Design for people, create great products
The user knows best
As UX Designers and developers, we have opinions and we have a lot of answers but we don’t always know what’s best for the user. Sure UXers have a ton of experience in this arena and apply best practices and guidelines. Yet, ultimately it’s the user who tells us how great a UI design truly is. This is where rapid prototyping comes in more than “useful.”
Prototypes range from static paper sketches to interactive digital simulations that look and function like the final system. In the context of UX, prototypes are used to pinpoint issues in an interactive system and validate the user experience as a whole — how it’s received by the user groups. But that is not all, there are other notable advantages to prototyping:
- Tests and validates proposed functionality and design prior to development
- Helps the entire team experiment with multiple approaches and ideas
- Facilitates discussion through visual representations and UI interactions
- Decreases risk and avoids missed requirements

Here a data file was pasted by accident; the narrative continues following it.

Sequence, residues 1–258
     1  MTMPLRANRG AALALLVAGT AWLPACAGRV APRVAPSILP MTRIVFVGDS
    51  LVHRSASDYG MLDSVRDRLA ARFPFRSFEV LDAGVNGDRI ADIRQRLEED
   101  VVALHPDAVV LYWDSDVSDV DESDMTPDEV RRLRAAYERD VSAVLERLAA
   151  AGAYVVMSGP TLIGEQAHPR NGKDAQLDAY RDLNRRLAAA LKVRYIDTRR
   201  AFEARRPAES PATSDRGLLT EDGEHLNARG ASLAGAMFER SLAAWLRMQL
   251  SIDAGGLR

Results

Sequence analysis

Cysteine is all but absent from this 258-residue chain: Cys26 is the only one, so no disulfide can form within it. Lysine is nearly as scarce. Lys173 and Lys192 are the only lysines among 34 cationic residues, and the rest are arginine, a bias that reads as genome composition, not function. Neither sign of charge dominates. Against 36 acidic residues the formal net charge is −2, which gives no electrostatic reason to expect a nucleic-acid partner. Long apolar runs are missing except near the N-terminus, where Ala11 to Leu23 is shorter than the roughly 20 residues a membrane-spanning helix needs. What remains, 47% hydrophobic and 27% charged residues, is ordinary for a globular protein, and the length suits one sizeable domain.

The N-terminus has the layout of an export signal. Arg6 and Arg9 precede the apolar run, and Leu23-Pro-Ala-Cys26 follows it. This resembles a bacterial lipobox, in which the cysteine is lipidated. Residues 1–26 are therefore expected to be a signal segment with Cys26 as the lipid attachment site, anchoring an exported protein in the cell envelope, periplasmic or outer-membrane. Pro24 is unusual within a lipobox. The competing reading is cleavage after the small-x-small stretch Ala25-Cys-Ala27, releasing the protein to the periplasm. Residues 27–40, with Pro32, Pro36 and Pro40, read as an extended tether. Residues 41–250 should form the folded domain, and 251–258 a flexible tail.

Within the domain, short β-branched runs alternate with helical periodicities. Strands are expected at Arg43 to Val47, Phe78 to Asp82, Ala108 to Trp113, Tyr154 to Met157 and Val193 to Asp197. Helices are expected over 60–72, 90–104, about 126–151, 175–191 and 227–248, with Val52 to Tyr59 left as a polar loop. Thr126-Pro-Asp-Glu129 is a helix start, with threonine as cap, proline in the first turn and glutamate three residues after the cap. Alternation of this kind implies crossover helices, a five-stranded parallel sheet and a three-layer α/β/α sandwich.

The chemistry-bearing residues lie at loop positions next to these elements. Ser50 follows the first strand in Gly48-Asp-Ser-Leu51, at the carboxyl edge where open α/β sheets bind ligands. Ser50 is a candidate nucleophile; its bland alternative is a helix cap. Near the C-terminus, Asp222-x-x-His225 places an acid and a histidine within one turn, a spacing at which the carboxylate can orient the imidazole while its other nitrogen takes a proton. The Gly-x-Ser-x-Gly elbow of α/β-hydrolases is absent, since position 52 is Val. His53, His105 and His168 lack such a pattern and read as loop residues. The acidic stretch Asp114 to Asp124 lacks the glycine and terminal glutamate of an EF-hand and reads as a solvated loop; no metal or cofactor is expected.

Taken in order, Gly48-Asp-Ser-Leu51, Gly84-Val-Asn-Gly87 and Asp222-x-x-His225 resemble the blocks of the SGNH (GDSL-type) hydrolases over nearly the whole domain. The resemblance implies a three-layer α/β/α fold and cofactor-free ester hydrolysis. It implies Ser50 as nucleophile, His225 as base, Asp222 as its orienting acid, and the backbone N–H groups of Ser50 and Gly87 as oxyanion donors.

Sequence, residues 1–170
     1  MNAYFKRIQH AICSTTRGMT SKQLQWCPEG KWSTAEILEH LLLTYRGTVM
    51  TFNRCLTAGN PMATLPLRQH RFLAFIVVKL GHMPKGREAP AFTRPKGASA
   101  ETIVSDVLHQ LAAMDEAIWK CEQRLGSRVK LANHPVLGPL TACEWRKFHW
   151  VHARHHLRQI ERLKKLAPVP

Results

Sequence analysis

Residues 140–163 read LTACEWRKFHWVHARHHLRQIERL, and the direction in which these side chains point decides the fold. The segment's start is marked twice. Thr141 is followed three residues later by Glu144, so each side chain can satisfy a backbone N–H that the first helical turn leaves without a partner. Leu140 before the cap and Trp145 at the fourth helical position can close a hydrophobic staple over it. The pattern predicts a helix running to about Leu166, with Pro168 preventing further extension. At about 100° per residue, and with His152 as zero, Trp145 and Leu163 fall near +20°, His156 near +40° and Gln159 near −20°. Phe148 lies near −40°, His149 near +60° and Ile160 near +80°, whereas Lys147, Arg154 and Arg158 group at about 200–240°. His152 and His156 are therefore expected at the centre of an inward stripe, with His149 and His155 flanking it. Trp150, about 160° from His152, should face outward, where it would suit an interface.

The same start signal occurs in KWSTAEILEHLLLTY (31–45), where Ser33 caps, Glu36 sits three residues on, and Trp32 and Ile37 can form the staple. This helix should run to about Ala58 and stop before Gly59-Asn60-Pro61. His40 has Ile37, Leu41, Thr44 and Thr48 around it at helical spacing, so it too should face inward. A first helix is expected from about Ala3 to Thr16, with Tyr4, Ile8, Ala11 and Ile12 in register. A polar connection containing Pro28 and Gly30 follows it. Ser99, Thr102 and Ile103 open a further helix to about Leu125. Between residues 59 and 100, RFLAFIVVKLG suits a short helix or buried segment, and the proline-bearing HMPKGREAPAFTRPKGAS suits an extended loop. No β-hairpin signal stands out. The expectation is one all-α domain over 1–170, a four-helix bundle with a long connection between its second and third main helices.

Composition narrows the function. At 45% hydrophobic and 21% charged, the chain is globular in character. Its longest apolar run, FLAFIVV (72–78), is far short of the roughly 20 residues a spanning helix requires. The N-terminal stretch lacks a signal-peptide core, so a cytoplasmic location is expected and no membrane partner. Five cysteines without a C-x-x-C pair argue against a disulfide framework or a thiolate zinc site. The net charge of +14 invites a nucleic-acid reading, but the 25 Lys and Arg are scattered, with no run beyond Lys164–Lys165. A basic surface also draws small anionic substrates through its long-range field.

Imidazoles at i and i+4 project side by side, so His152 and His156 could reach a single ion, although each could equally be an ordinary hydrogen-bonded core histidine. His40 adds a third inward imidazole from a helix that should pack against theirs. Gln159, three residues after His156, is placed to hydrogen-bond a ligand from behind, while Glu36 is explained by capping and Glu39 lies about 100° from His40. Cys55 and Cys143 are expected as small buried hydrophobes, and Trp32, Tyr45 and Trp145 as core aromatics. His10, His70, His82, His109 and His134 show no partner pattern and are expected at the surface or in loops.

- Speeds up overall system implementation
- Encourages higher user satisfaction
- Exposes the design and development team to potential future system enhancements
3 Steps until it’s just right
Prototyping is a three-step iterative process. Let’s take a quick look at what those are:
1. Prototype — A visual representation of an interactive system designed with UX best practices and standards.
2. Review — The prototype is reviewed by users and then their feedback is evaluated by both the internal and external team.
3. Refine — Dependent on review findings, the areas that require revision or our attention are refined, further defined or elucidated on.
Here at CURTIS Digital, we generally rely on either wireframes or html prototypes to breathe life into our projects. This of course also depends on the needs, schedule and scope of the project. Based on the project and client needs, we may recommend to prototype pertinent sections. A good rule of thumb is to prototype approximately 20% of the most pertinent functionality. Prototyping the entire system pretty much defeats its main purpose. That’s where we like to apply usability testing.